Should we abandon cancer genomics for sequencing Hollywood celebrities? Of course not. I’m right there with you on the need for sequencing phenotyped (and anonymised) individuals to further medical genomics, and I write about those papers. But if Illumina wants to pump out some celebrity genomes and give some PR to whole-genome sequencing I’ll write about that too.

    And seriously, noting that epigenetic differences aren’t revealed by genome sequencing is “parsing to death”? Come on, that’s pretty unfair. You know that Nancy’s criticism is misplaced; just say it.

  11. #11 Dan Vorhaus
    March 13, 2010

    Michael -

    Names and medical research are not mutually exclusive, whether due to HIPAA or otherwise. HIPAA applies to covered entities (i.e., healthcare providers) and their business associates. And, of course, HIPAA is United States (and not global) legislation. There are plenty of circumstances, including within HIPAA provided that appropriate waivers are obtained, where medical research might include names (or other personally identifiable information).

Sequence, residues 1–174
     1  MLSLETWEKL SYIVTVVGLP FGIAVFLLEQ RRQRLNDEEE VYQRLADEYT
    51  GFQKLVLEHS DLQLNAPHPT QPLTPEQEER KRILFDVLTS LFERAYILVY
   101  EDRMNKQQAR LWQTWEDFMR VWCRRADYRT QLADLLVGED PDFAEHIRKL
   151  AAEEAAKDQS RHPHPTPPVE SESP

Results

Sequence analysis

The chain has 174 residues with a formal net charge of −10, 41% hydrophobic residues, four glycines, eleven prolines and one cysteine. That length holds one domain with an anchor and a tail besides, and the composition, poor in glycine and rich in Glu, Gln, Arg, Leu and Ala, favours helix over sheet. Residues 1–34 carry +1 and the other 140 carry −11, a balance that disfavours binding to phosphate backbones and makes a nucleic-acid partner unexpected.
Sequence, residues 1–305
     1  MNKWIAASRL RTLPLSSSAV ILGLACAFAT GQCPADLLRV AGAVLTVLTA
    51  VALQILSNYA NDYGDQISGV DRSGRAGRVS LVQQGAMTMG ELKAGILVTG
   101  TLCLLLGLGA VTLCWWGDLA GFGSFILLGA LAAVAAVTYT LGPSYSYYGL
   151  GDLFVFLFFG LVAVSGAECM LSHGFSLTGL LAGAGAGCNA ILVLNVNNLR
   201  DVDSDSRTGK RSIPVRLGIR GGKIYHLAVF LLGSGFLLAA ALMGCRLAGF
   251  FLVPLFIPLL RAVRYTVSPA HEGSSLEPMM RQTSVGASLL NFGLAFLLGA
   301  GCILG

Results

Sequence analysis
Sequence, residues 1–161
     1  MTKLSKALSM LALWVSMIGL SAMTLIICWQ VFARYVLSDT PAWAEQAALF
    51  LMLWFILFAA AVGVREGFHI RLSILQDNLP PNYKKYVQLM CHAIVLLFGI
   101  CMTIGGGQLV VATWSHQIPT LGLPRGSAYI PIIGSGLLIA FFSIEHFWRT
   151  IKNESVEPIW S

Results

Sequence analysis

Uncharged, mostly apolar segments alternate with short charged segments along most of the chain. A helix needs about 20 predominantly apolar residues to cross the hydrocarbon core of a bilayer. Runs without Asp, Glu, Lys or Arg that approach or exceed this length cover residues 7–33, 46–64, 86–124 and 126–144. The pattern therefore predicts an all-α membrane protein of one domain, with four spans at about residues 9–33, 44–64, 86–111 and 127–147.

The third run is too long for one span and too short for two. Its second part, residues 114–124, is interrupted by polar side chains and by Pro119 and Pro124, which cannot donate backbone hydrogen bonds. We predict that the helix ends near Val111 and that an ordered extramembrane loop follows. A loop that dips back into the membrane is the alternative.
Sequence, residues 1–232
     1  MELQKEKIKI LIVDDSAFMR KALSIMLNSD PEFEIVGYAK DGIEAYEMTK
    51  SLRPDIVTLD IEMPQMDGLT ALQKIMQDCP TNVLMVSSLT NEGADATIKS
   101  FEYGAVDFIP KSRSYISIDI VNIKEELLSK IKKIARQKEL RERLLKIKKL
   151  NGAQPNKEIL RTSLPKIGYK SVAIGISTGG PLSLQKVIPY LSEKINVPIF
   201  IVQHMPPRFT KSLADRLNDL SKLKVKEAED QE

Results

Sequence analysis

One example: the Personal Genome Project that Keith refers to (Keith: whole genomes are coming but, for now, yes, only exomes are published for Rosalynn and Esther). Although names are not specifically disclosed, the presence of other identifying information (birth date, medical history data, facial photographs, etc.) has led to the ready identification of the first 10 participants in the PGP.

    I also agree with Daniel that scientific advancement requires not only solid science but also adequate funding. And funding, in turn, requires public awareness. To the extent that sequencing Close’s genome improves the latter, over the long run I suspect it will be quite helpful to the field even if, in isolation, it is just an eye-catching piece of PR.

  12. #12 Keith Grimaldi
    March 14, 2010

    Thanks for the PGP update Dan (V). As you say, the personal info is easy to find e.g. on SNPedia and the GET conference page (for most of them).

  13. #13 Stephen Downes
    March 15, 2010

    Now if only somebody could find her shirt…

  14. #14 Steven Murphy MD
    March 15, 2010

    You want PR? Genomicize Lady Gaga! Please……
    -Steve